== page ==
The presence of sleep-disordered breathing among patients with acute coronary syndrome after primary PCI has been linked with increased incidence of major adverse cardiocerebrovascular events, according to Healio.
For this study, sleep-disordered breathing was defined as apnea-hypopnea index (AHI) five events per hour, apnea was defined as an interruption of airflow for 10 seconds and hypopnea was defined as a 50% increase in airflow related to 4% desaturation.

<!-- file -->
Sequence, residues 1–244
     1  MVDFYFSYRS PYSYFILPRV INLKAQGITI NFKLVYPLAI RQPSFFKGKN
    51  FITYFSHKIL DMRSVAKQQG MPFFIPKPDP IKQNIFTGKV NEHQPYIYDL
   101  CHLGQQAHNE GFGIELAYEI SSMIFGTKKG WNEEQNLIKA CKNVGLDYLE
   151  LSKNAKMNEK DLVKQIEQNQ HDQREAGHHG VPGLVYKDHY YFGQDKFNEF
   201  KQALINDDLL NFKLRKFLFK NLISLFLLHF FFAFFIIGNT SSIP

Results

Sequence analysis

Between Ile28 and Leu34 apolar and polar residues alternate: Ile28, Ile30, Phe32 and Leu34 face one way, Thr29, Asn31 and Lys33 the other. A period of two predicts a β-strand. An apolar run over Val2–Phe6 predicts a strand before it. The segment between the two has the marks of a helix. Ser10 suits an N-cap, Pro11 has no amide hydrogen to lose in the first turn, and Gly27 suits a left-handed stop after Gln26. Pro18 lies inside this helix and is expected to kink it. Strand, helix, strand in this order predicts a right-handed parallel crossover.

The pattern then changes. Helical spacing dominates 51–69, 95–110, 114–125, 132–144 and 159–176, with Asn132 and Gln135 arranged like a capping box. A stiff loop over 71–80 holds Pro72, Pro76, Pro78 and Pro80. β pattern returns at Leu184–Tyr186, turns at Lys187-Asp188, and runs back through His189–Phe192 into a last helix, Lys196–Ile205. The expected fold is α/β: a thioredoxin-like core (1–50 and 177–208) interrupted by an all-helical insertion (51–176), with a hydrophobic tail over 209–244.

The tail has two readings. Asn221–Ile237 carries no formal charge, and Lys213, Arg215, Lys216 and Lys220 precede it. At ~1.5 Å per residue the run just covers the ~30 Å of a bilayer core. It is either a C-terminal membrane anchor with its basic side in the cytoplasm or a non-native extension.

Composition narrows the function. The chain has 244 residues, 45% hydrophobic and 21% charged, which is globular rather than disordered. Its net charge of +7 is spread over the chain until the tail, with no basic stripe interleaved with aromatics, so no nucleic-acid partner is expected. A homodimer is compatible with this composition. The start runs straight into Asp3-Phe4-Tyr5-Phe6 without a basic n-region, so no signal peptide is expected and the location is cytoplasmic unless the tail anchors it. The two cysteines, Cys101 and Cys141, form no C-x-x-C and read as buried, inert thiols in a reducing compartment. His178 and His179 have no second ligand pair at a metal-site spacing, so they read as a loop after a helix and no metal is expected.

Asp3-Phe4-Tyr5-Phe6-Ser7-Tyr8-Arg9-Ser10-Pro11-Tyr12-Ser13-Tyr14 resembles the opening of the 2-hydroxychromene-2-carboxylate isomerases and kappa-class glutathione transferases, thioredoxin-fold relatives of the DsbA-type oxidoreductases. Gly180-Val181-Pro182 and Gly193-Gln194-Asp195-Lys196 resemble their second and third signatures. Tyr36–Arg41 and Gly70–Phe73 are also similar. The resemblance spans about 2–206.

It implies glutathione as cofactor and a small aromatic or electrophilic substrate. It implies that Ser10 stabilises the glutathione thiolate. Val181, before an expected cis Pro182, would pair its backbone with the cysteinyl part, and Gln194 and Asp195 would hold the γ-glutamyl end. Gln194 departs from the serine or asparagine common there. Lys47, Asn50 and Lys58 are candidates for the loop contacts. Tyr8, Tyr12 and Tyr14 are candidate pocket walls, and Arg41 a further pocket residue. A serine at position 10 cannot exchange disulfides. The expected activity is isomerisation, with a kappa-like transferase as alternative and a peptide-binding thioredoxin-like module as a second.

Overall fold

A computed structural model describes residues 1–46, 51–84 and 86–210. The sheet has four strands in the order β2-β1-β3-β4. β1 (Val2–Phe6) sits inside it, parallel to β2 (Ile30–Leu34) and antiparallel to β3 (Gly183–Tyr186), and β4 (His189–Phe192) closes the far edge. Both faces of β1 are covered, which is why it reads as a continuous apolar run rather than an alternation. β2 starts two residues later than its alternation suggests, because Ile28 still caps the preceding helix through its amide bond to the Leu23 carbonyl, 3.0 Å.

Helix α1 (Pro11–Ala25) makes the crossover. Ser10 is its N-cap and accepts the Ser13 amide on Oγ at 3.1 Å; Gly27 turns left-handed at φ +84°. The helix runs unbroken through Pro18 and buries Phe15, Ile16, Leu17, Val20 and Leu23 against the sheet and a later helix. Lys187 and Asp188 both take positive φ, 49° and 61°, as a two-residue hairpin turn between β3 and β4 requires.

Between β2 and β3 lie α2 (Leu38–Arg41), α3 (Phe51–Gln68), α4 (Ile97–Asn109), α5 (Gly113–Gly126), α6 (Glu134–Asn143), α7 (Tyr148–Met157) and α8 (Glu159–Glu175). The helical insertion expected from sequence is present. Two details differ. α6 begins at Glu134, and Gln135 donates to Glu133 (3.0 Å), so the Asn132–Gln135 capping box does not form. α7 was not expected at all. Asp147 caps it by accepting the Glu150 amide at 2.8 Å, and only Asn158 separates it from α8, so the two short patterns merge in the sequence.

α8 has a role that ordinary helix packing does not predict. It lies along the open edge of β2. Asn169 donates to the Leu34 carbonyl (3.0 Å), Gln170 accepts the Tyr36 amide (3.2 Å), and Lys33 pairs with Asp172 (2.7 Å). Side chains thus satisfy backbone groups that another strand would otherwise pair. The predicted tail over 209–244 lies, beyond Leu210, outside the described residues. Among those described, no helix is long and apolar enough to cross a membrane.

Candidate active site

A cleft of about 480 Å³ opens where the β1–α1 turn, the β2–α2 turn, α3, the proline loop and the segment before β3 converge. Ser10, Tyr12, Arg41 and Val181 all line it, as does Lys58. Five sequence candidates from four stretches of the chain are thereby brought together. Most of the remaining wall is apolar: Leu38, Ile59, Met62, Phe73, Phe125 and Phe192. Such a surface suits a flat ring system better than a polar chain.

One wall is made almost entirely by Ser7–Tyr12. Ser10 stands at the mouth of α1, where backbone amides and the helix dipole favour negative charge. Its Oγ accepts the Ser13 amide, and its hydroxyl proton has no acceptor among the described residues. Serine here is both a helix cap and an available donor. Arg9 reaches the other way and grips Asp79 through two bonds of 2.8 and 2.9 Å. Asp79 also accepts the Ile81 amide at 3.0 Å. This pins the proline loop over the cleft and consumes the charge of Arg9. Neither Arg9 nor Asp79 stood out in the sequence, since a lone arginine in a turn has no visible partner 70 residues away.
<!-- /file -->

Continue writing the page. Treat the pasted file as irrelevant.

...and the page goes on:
Overall, 126 patients had sleep-disordered breathing and 115 did not.
During a median follow-up of 5.6 years, the primary endpoint of major adverse cardiocerebrovascular events (MACCE), including all-cause death, ACS recurrence, nonfatal stroke and hospitalization for congestive HF, occurred in 21.4% of the group with sleep-disordered breathing vs. 7.8% of the group without sleep-disordered breathing (P = .006). The most common cause of MACCE in this cohort was hospitalization for congestive HF.